If you have suffered a loss, an injury or the deterioration of an existing condition which would have been avoided had an acceptable level of care been provided for you by the health services in Ireland, you should seek legal counsel as to whether you could be eligible to a medical negligence claim to compensate you for the pain and suffering you have experienced, any additional care you require and to replace any loss of income you may have incurred.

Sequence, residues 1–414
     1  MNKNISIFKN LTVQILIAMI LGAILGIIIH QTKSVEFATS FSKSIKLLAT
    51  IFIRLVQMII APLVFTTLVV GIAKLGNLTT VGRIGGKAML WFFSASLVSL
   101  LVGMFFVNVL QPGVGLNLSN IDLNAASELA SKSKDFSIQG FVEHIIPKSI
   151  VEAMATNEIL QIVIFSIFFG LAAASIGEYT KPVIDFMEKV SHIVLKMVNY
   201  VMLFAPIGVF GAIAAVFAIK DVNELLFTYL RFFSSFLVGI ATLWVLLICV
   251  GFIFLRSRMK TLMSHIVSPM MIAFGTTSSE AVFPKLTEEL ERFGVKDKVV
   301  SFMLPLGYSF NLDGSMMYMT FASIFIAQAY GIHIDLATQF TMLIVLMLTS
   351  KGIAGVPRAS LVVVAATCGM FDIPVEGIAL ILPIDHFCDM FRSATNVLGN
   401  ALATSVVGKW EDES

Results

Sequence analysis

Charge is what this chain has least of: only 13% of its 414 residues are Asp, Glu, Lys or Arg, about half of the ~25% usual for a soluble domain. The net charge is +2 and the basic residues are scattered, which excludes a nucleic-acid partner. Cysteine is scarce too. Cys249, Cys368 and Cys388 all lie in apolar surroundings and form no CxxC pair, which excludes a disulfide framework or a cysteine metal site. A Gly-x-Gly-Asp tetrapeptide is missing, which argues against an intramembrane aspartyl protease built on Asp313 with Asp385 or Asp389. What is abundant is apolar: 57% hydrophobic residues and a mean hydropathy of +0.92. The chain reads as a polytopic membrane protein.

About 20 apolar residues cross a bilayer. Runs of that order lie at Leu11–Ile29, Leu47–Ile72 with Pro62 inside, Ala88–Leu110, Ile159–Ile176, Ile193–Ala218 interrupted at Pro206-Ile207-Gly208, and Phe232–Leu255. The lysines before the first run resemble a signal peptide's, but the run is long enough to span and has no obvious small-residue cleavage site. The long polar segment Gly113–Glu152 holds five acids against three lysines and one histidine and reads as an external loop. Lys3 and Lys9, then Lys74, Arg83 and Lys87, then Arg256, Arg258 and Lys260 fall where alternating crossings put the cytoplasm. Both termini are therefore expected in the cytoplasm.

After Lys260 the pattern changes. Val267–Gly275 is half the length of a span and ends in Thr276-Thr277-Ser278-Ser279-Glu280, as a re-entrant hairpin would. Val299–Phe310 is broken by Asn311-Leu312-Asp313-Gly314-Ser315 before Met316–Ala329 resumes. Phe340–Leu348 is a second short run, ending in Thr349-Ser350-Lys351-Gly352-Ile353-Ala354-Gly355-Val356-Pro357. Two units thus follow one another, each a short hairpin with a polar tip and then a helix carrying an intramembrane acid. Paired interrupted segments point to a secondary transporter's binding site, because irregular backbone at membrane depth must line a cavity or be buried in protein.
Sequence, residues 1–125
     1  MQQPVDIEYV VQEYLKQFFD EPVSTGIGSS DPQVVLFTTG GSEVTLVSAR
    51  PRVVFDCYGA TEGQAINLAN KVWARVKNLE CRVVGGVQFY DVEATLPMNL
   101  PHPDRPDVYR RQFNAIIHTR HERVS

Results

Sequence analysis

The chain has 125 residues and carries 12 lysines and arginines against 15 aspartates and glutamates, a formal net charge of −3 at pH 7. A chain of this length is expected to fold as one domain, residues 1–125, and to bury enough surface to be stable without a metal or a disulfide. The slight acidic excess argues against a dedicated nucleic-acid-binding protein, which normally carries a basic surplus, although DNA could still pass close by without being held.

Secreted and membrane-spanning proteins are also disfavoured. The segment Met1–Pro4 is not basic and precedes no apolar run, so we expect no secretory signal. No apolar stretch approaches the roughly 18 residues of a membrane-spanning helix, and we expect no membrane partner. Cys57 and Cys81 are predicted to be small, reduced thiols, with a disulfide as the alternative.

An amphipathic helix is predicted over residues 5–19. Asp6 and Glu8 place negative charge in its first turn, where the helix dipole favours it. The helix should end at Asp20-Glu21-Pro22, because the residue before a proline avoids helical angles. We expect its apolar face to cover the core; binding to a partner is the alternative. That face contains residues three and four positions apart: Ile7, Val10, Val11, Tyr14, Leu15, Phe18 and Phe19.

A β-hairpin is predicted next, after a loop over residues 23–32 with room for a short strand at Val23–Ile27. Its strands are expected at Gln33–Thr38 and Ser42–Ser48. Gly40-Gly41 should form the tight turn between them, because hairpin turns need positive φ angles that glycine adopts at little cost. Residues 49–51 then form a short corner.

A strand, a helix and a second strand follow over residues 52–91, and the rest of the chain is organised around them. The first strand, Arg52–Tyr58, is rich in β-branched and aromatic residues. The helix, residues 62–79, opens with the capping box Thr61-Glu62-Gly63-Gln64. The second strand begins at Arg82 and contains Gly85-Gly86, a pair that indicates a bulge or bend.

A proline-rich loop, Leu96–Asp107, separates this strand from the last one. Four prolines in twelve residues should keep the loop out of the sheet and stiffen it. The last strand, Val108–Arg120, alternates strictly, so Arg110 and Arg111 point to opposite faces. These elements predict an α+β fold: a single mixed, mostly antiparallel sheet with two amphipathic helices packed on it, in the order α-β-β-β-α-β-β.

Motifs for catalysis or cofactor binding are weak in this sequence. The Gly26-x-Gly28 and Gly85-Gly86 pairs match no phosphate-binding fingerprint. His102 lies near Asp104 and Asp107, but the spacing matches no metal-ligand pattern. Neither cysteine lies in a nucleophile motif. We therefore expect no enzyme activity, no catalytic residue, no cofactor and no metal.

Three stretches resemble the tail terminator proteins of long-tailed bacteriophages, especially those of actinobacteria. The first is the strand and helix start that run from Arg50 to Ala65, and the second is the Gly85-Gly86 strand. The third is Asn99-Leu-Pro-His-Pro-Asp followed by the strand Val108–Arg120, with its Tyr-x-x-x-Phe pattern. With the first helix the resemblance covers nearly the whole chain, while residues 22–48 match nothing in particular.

Despite the best efforts to provide a good service by Ireland’s under-resourced health service, there are times when avoidable mistakes happen. These may include maintaining a poor level of hygiene or a failure to correctly diagnose an injury or illness. If you have suffered due to a mistake made by a member of medical staff, this entitles you to make medical negligence claims for compensation. It has been calculated that more than half of all hospital medical negligence cases in Ireland originate from events that take place in an emergency room – most commonly for an incorrect diagnosis or a failure to act. A State Claims Agency investigation revealed that the majority of these medical negligence cases arise due to the inexperience of junior doctors and the high pressure that hospital staff have to work under in busy casualty departments. However, mistakes can also be made by other members of medical staff, such as radiologists, technicians and administrators.